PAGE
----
It’s been a while since Part 1 of this photo journal, but I’m finally getting around to rounding it out. Here are ten more studies of photos that almost – but didn’t quite – make the mark … but are still quite a sight!
The shots below are all from 2010, when I spent a few days in July traveling around the French province of Aveyron, thanks to a wonderful tip from a friend.
Wildflowers at Najac
This one is all about the color, since the good department of Aveyron apparently spared nothing from its palette in this little corner. A little better framing and focus might have improved the photo, but overall I am quite happy with it.
Through the ruins at Najac
This shot was actually taken with a very high zoom from the catwalk on the other side of the interior courtyard of the chateau. I am of two minds on the photograph itself - on one hand, I love the effect, and the depth of field seems perfect. On the other hand, the misalignment and partially out-of-frame content leaves a mild sense of incompleteness. What I can not tell is if that is a good thing or a bad thing! What the photo lacks in symmetry it may make up for in intrigue.
La Bastide des Fonts, near Cornus
Atop the ridge, this panorama is absolutely breathtaking. As a photo, it utterly and completely escaped me - and not for want of trying (I have a couple dozen failed versions in the reject bin). Try as I might, I was not able to capture the depth of the distance or the literal depth of the scarp and valley. The panoramic view worth capturing extends at least another photo frame to the left. By attempting to scrunch too much into the frame, I also sacrificed some lens distortion of the church itself. As a result, the photo only hints at the real majesty of this beautiful scene.
Atop the chateau at Belcastel
Belcastel is one of the many official "most beautiful villages in France" to be found in Aveyron. While the chateau has been significantly reworked and restored it is nonetheless unbelievably idyllic. This photo looks down upon the old village and church. I think the framing and symmetry work well, but I wasn't able to keep the backlighting from washing out.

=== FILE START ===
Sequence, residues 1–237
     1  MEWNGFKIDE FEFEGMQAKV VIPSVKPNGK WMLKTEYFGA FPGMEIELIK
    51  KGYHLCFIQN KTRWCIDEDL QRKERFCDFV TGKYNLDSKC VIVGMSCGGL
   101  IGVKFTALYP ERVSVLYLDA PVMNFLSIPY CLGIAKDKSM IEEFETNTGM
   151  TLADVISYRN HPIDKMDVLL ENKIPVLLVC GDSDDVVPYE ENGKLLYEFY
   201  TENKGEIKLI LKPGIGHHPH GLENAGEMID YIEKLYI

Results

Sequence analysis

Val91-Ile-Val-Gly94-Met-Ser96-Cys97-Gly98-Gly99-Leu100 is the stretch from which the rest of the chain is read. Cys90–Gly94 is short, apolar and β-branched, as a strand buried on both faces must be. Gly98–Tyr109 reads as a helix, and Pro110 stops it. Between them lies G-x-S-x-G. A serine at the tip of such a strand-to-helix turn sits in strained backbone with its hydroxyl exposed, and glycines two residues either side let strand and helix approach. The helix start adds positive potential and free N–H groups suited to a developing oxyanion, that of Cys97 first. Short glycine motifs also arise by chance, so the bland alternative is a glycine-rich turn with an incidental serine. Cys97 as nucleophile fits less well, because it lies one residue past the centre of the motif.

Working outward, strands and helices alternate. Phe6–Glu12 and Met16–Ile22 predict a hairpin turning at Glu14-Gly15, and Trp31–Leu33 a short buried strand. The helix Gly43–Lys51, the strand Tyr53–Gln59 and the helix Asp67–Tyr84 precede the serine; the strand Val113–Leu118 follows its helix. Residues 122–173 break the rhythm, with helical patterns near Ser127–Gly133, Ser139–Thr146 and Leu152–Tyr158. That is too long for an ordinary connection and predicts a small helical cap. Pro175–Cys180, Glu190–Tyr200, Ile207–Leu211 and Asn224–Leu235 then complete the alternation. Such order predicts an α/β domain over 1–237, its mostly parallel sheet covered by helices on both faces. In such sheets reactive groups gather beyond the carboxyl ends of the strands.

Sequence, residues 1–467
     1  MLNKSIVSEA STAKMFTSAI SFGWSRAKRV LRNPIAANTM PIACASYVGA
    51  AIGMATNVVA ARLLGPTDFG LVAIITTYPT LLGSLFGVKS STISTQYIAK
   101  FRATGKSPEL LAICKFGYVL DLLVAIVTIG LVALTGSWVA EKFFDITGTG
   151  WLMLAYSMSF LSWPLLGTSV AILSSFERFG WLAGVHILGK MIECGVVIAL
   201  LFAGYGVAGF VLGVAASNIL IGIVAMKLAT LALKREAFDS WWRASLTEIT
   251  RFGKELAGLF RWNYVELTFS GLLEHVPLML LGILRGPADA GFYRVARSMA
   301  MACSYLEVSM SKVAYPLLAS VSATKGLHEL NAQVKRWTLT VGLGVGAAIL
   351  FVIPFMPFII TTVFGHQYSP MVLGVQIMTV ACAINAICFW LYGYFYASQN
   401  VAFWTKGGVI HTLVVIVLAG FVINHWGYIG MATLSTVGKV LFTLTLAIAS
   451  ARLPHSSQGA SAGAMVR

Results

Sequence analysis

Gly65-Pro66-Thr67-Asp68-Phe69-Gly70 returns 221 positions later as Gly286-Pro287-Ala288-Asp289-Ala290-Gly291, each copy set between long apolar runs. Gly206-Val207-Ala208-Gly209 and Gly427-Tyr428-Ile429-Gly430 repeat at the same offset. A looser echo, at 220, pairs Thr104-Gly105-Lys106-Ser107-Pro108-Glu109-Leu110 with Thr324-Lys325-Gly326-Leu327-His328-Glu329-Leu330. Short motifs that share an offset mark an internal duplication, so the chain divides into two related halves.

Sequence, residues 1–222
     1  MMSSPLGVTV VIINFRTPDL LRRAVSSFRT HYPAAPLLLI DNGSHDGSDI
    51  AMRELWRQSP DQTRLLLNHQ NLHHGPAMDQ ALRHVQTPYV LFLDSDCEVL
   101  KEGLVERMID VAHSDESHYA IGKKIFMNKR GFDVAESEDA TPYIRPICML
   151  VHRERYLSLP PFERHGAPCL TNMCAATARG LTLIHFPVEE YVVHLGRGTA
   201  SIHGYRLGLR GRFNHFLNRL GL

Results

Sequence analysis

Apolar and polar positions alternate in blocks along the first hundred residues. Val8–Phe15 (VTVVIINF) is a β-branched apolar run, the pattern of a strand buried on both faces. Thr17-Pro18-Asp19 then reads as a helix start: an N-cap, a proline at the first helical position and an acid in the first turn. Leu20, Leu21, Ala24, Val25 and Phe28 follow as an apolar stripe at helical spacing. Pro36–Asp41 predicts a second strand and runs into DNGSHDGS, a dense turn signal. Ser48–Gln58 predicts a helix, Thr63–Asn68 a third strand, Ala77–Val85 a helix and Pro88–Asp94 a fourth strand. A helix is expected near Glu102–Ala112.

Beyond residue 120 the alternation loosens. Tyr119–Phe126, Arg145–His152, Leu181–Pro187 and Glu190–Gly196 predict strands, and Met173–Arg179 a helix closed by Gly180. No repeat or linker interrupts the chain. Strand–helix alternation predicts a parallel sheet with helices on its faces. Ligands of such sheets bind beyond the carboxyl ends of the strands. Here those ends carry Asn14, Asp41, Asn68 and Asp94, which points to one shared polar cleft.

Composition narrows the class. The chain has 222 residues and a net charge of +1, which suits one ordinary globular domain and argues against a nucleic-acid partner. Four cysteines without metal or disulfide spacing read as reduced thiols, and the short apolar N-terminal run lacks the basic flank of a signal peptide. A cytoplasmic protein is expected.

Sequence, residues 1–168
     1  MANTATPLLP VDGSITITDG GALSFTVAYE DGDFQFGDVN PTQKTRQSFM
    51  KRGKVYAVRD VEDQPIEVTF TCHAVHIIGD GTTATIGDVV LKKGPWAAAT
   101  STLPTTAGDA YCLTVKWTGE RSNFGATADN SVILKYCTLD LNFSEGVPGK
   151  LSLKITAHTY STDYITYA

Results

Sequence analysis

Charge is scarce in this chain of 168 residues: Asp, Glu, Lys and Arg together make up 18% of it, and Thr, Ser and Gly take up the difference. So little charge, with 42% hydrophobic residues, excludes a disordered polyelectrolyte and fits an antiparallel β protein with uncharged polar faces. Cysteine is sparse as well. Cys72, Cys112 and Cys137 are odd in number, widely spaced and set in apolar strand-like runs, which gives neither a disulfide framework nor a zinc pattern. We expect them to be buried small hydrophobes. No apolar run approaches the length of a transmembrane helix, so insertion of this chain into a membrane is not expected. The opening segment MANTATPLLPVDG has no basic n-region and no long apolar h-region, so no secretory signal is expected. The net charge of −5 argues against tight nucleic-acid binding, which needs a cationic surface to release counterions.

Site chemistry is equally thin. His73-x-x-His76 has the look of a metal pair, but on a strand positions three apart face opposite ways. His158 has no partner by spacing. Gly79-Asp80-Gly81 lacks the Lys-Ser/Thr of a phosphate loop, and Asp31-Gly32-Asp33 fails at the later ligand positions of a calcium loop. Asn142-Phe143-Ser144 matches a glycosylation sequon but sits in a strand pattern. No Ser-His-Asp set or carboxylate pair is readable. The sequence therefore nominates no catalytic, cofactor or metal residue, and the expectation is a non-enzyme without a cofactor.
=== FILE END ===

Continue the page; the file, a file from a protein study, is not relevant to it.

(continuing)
Grasses in southeast Aveyron
These grasses had an absolutely beautiful, feather-like texture. Capturing their flagellations in the strong breeze was beyond my skill at the time, but could have made for a very nice photograph, one I really regret not capturing. Now I at least know enough about shutter speeds to tinker around next time!
Another texture capture (I am really drawn to textures ... hopefully that is not a sign of low level schizophrenia). The colors in this photograph struck me as very well balanced and contrasted, with colors leaning to the earthy side in both the trees and sky. As a feature of interest, it was also intriguing that this tree had not yet bloomed in late June.
Along Le Cernon, near La Bastide-Pradines
I stopped the car on first sight of this house because of its amazing, well, green-ness. I think the photo did it justice.
I would have been remiss had I not captured at least one of the beautiful cerulean shades from the bastides and villages of Aveyron. During my drive through southern France and then down to Costa Brava in Spain it seemed that each town (or at least region) had picked an "official" shade of blue. This photo captures how vibrantly the "town colors" jump out when contrasted against grey masonry.
Open for business?
I loved this photo as much for the Moulin Rouge-esque font, as for the very uncertainty answer to the question: "Is this hotel open and functioning, or derelict?" My guess is the former (the upstairs shutters seem too neatly arranged partially ajar).
There is no way I could match the most breathtaking photos of the graceful Milau Viaduct (be still my erstwhile civil engineering heart!), but hopefully this photo at least captures the spirit of how this beautiful structure blends with the landscape, treading "lightly" upon the valley and exhibiting a "paper thin" presence. Go to images.google.com and search for "Milau Viaduct" for the real eye-poppers.